I've noticed that with size 4 spinners you can get away with using the thinner blades that cost less. The size 5 spinners though have to have the thicker blades like the one's you have there from fishermans shack. My top producing spinner is silver body and blade with green sticker inside the blade and green tubing on the hook.

I've used lots of different hooks and so far my favorite is the eagle claws. They are cheap and they sharpen easily. Also the hooks bend reasonably easy. I like this because I get a lot of my spinners back when they're snagged on rocks. If the hook bends out I may bend it back once and keep fishing or I may just throw it in my bag and grab a new one. I'll rebuild the bent hook spinners when I get home. It's a lot cheaper to replace a hook and a wire than the whole spinner. I don't recall losing a fish to a bent hook either. They're usually hooked by more than one prong. I use better hooks for trolling spinners.

Don't overlook Worthco for your components. They sell in bulk. Fisherman's shack has so far been the best source for blades and wires. My hooks come from Cabelas.
 

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All good inputs so far. Spinnerfisher, every one of those spinners will catch fish; GOOD JOB. Couple things since you asked: 1) Tubing affects “Sink rate” in the water and impedes casting distance. If trolling behind a boat, no problem. But if you want your spinner to sink at the top of the riffle to be in the “fishy green spot zone” by a certain time, tubing can throw your expectations off. Tubing holds air. Also slows the throw in your pitch when casting. 2) the use of black tape on the blade is great. With your spinner there, it will dull the flash and could be what you want. However, a strip of black tape applied perpendicular to the blade gives a two dimensional color to the fish. Just something to consider while we over think our gear. 3) Trebles vs single hooks; if I want a good sinking spinner or am casting against a wind (Drano, Jetty, Pacific City, etc) I am adding a 4x treble to the spinner if legally allowed to. If I am in the rivers targeting Steelhead, it will be a barbless single. Hooks can add weight and i use it. 4) beads; I love faceted beads for their light reflection gains over round beads.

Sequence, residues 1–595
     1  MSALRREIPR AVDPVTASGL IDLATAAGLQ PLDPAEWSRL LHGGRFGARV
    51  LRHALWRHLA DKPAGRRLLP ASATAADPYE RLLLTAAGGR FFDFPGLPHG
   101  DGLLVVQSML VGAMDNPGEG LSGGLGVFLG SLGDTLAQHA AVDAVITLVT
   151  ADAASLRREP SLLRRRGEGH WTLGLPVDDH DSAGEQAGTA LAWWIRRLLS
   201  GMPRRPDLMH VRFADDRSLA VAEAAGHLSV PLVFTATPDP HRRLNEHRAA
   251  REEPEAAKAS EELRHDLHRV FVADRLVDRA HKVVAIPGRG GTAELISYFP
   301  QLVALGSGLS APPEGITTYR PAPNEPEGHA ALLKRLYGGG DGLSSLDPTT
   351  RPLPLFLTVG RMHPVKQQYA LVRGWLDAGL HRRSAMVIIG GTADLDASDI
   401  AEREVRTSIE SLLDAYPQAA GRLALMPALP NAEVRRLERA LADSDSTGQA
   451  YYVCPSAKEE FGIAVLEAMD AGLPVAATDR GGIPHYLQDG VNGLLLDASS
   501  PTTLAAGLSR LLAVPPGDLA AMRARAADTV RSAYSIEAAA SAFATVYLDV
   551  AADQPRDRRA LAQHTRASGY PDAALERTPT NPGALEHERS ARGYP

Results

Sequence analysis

Go have fun! Enjoy!
X
 

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There have been some interesting threads over the years on the treble vs siwash debate. One argument is that single hooks have a longer shank that makes it easier for smolts to take deeply often resulting in a fatal wound. I’ve always been firmly in the camp that uses single hooks, but lately I’ve been giving more thought to the pro-treble argument. With adult fish it seems to me that successful release is probably more a function of technique than the style hook. I keep the fish in the water, and I’ve got pliers ready to go at all times. When I do use trebles on occasion I’ve had no trouble releasing adult fish quickly with little handling.

But in reality I hook way more smolts than adults in a given year even though I try to avoid them. And some of them are hooked deeply and fatally on single hooks. On the other hand I’ve seen smolts manage to get their tiny mouths around all three points of a treble which ain’t good either.

I may experiment with barbless trebles as contradictory as that may seem. I just wish my local rivers had enough steelhead to make it worth a trip. The way things are going I’m morphing into a bass fisherman.